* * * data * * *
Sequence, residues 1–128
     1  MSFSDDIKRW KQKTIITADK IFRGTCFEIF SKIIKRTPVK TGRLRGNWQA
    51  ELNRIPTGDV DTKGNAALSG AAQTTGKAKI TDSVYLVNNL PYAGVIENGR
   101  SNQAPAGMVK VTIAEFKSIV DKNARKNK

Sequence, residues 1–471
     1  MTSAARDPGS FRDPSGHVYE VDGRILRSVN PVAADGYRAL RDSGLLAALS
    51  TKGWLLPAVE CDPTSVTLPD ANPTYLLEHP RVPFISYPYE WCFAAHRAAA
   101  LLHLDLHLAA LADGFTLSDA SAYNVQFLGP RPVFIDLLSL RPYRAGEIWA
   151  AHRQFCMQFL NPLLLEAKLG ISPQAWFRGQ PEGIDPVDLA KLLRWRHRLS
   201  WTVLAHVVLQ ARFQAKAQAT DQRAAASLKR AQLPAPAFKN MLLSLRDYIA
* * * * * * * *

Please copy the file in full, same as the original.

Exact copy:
Sequence, residues 1–128
     1  MSFSDDIKRW KQKTIITADK IFRGTCFEIF SKIIKRTPVK TGRLRGNWQA
    51  ELNRIPTGDV DTKGNAALSG AAQTTGKAKI TDSVYLVNNL PYAGVIENGR
   101  SNQAPAGMVK VTIAEFKSIV DKNARKNK

Sequence, residues 1–471
     1  MTSAARDPGS FRDPSGHVYE VDGRILRSVN PVAADGYRAL RDSGLLAALS
    51  TKGWLLPAVE CDPTSVTLPD ANPTYLLEHP RVPFISYPYE WCFAAHRAAA
   101  LLHLDLHLAA LADGFTLSDA SAYNVQFLGP RPVFIDLLSL RPYRAGEIWA
   151  AHRQFCMQFL NPLLLEAKLG ISPQAWFRGQ PEGIDPVDLA KLLRWRHRLS
   201  WTVLAHVVLQ ARFQAKAQAT DQRAAASLKR AQLPAPAFKN MLLSLRDYIA